Meet the members of the digital life excellence program

​Digital Life Norway aspires to advancing research in biotechnology that harnesses the powers of digitization and mathematical modeling. To succeed, different academic disciplines that study life processes need to converge. Supporting the careers of future research leaders is critical for the realization of this vision. And this is why the Digital Life Excellence program exists.

left to right: Marta Irla; Jenny Ostrop; Krishna Agarwal; Nello Blaser; Jennifer Hazen; Boukje Ehlen (grant consultant); Raffael Himmelsbach (program coordinator).

The program currently supports five especially promising young researchers in the Digital Life Norway Research School over a two-year period on their journey toward establishing their own research groups. An important element of the program is international mentoring. With the support of the programme, each participant will choose an international mentor. In addition, the excellence programme offers career development activities and guidance in order to contribute to the best possible professional development and merit for the participating young researchers.

On September 10–11 the program’s five members met at NTNU in Trondheim for a two day workshop on developing research networks and grant writing. This is now an opportunity to introduce them.

Jennifer Hazen is an experimental neuroscientist at the University of Oslo. She is a postdoctoral researcher in the laboratory of Dr. Marianne Fyhn within the Centre for Integrative Neural Plasticity (CINPLA), which aims to join experimental, computational and theoretical approaches to understand the brain.  Jen has formal training and extensive experience in biochemistry, molecular biology, stem cell biology, and genomics and aims to use these techniques, in collaboration with computational neuroscientists, to understand how the brain encodes and stores information, and it how draws upon this information to direct vital functions, such as defensive responses to predators.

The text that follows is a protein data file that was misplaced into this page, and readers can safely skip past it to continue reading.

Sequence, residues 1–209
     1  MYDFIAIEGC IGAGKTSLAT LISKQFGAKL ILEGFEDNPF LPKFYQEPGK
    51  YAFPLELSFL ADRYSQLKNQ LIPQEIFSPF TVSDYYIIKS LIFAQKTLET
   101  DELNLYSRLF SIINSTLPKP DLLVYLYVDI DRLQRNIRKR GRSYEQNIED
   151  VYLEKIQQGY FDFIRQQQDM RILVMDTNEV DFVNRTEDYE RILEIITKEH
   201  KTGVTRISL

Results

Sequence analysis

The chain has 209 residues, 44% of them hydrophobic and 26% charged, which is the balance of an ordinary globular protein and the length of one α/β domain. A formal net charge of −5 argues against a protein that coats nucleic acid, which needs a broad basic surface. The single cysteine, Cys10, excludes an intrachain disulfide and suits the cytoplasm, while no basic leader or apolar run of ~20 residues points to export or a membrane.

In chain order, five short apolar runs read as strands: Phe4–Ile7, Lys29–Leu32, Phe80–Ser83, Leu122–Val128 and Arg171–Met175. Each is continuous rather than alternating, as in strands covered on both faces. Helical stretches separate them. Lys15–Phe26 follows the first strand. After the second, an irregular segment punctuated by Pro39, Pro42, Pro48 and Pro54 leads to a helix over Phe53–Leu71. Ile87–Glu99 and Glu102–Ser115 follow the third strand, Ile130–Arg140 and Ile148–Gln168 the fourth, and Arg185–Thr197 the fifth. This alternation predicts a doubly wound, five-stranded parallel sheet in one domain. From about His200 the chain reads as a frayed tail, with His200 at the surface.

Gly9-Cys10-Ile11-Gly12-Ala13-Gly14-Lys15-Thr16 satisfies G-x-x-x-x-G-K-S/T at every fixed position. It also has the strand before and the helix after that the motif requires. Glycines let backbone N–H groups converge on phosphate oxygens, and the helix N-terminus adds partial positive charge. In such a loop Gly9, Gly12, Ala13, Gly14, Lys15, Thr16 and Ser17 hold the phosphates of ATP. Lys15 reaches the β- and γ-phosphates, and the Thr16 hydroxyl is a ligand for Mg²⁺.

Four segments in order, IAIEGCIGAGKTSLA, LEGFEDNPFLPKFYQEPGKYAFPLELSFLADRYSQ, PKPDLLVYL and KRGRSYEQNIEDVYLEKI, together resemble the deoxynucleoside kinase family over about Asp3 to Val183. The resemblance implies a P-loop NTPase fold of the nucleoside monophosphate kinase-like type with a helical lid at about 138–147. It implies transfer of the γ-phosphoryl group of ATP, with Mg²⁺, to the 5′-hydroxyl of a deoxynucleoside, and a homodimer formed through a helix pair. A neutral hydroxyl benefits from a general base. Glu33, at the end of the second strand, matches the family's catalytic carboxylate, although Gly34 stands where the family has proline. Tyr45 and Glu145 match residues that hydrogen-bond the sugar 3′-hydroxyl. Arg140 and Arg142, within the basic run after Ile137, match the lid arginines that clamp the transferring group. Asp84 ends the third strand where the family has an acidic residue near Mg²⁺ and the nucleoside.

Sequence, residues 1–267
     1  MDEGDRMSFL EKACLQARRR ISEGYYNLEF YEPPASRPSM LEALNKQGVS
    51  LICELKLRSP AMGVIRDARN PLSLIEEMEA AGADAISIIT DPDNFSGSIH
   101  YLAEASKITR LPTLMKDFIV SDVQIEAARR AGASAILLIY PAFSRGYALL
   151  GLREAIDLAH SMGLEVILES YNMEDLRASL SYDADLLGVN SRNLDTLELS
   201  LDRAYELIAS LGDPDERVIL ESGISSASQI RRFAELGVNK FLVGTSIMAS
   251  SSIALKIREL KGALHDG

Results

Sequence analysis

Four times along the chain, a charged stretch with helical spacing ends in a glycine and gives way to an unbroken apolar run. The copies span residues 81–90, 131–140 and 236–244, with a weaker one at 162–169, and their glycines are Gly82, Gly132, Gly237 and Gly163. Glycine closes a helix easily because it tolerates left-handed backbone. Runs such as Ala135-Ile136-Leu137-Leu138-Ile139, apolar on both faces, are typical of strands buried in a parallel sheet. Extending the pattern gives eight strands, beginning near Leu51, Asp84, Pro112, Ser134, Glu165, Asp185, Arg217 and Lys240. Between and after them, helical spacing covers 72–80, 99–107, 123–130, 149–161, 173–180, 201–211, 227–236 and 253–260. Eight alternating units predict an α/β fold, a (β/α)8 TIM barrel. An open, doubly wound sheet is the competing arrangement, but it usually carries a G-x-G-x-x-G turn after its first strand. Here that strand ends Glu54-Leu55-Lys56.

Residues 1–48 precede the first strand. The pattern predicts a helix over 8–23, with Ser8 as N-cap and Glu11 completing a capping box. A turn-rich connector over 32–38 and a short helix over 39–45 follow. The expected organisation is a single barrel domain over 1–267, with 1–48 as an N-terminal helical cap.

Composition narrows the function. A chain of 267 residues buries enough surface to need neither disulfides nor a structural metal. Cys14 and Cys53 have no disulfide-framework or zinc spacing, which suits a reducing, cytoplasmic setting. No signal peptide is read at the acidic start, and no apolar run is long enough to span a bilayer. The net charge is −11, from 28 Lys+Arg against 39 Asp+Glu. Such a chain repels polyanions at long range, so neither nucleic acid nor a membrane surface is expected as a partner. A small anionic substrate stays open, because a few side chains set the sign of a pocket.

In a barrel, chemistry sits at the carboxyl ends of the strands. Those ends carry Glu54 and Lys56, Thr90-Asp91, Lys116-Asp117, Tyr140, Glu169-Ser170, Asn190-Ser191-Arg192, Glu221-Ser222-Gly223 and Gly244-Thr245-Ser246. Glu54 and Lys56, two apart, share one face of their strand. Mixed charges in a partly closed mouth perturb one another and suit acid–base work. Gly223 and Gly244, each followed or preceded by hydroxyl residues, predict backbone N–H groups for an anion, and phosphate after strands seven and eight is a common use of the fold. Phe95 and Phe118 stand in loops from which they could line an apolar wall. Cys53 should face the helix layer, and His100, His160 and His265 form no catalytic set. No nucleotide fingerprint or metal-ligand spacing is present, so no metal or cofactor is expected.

Jenny Ostrop is a postdoc at the Centre of Molecular Inflammation Research (CEMIR) at NTNU in Trondheim. With a background in myeloid innate immunity, she has expanded her research interest on intestinal epithelial biology. The gut epithelium is a rapidly renewing tissue with a complex spatial organization. The recent development of intestinal organoids allows to study the intestinal epithelium in vitro in a near-physiological 3D model. Jenny’s current research focuses on the development of quantitative tools to study epithelial homeostasis, regeneration and dynamic responses to infection/inflammation in organoid models in basic research and precision medicine. 

Marta Irla has completed her PhD under supervision of Prof. Dr. Volker F. Wendisch at the Faculty of Biology at Bielefeld University, Germany in the field of metabolic engineering of methylotrophic Bacillus methanolicus. She is currently continuing her work on this bacterium as a postdoc in the group of Prof. Trygve Brautaset at NTNU in Trondheim, Norway. Her major research interests concern translation of genome-scale data into development of industrially relevant production strains. 

Nello Blaser is a postdoctoral research fellow at the Department of Mathematics at University of Bergen working on topological data analysis. His research interests are centered around topological methods in statistics and machine learning with a focus on applicability and practical usefulness of methods. Nello is particularly excited about applications in the biomedical sciences, where he is also looking for inspiration about new questions that can be solved with mathematical methods.

Krishna Agarwal joined UiT in 2017 as a Marie Curie Fellow and with the ambition of creating her own research group on label-free nanoscopy through ERC starting grant. The ambition is close to fruition as her ERC application was funded this year. Through this project, she aims at creating new tools that can support imaging of life-critical processed in living cells at 3D resolution of 50 nm with minimum invasiveness and over long durations. These tools exploit the inherent physical properties of the sub-cellular structures for nanometer scale imaging instead of employing the state-of-the-art but invasive fluorescent labels. She does not completely write off fluorescent nanoscopy though, and will continue applying MUSICAL (her invention for fluorescent nanoscopy) for fluorescence nanoscopy of live cell system.

Published Oct. 4, 2018 10:42 AM - Last modified Oct. 30, 2021 10:36 AM